Various types of traditional medicine (TM) and medical practices referred to as complementary or alternative medicine (CAM), have been increasingly used in both developing and developed countries. One of the major components of the WHO Traditional Medicine Strategy is to promote the integration of TM and CAM into national health care systems where appropriate. Development of national policy and regulations are an essential indicator of the level of integration of such medicine within a national health care system.
The use of medicinal plants is the most common form of traditional medication worldwide. Regulation of herbal medicines is a key means of ensuring safety, efficacy and quality of herbal medicinal products. WHO has been receiving an increasing number of requests from governments for guidance on how to regulate herbal medicines.
During the last four years, many countries have established, or initiated the process of establishing national regulations regarding herbal medicines. WHO has been conducting a global survey on national policy on traditional medicine and on the regulation of herbal medicines; aiming to:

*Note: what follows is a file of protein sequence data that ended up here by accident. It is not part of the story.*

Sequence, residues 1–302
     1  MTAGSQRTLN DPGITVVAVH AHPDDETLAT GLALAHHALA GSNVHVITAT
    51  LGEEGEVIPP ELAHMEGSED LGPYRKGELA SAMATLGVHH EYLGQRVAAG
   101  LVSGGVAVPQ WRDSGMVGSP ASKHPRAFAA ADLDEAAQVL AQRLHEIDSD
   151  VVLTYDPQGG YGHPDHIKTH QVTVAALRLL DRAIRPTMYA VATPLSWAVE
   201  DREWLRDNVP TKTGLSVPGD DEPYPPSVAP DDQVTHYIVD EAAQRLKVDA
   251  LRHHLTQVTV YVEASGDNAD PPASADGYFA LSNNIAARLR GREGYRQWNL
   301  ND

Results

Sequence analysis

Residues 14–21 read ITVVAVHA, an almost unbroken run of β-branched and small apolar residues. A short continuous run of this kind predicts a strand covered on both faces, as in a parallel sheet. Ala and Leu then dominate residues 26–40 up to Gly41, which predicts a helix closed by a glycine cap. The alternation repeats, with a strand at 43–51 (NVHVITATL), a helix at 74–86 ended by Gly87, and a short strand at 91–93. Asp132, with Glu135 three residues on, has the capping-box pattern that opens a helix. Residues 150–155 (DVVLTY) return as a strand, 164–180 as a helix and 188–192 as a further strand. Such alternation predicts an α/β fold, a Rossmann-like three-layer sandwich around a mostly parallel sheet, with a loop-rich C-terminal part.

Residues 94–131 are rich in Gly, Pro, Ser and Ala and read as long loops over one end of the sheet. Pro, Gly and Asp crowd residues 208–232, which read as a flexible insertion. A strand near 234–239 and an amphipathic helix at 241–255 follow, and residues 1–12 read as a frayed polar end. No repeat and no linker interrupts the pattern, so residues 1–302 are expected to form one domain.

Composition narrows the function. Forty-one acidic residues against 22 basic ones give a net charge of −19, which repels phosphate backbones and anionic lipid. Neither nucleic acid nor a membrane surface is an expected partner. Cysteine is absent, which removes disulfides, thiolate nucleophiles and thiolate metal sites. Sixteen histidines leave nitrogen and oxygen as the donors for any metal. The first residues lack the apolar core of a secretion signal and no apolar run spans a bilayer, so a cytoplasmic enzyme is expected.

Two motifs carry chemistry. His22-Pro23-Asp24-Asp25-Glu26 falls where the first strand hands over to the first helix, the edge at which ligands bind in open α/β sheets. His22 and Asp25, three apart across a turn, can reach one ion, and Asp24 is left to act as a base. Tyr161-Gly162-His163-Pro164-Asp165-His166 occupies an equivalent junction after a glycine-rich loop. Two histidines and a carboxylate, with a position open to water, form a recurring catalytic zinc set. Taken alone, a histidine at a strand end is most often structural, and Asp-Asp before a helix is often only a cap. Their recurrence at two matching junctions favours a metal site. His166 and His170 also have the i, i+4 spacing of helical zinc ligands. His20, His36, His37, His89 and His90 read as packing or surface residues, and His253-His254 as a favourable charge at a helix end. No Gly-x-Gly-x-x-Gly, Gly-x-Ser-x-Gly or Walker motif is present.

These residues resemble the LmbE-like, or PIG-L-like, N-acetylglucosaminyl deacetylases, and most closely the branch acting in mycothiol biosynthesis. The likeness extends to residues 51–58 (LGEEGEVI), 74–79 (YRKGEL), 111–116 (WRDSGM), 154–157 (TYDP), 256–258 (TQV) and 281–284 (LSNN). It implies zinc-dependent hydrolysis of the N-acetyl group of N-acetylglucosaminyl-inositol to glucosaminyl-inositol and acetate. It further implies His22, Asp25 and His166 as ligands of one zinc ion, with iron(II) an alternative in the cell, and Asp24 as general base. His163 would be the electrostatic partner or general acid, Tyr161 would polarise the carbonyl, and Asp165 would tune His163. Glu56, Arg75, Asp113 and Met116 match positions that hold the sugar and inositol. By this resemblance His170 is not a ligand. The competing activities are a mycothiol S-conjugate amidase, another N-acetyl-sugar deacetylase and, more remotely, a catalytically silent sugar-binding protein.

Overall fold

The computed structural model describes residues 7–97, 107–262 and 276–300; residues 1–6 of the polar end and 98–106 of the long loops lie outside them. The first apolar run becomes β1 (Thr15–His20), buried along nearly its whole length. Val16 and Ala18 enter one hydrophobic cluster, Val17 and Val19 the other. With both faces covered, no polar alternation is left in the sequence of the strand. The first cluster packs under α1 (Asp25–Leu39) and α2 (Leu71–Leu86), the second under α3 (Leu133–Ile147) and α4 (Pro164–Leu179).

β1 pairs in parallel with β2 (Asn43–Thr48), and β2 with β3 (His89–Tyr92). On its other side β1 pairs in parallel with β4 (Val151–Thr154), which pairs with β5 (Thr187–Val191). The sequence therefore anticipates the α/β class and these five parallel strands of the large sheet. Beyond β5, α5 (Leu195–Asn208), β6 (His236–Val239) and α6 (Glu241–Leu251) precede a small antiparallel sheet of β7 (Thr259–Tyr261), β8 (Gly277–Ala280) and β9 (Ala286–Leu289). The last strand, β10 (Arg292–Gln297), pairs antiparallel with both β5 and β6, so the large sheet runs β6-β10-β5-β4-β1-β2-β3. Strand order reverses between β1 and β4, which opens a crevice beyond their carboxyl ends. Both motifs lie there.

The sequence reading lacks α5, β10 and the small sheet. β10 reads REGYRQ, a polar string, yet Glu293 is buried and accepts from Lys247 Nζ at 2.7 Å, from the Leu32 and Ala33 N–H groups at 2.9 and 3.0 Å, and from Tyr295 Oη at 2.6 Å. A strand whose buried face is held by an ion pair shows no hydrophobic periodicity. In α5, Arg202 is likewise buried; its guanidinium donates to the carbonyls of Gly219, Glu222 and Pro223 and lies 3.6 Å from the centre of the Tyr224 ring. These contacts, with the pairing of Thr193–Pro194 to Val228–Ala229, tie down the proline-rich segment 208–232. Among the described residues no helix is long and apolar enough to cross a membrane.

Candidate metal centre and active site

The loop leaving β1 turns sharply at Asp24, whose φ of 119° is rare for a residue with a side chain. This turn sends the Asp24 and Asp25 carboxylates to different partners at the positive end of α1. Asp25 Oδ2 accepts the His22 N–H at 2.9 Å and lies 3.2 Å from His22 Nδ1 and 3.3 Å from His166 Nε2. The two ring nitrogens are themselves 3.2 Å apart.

Collect updated and comprehensive information on TM/CAM policies and regulations of herbal medicines
Clarify the current situation, in each country, on the TM/CAM national policies and regulation of herbal medicines, and their major challenges on these particular area
Identify the specific needs on capacity building for TM/CAM policy development including establishment of regulations of herbal medicines, and the type of direct support WHO should provide to Member States
Monitor the impact of the WHO Strategy for Traditional Medicine in relation to present national policy and regulation on TM/CAM/herbal medicines.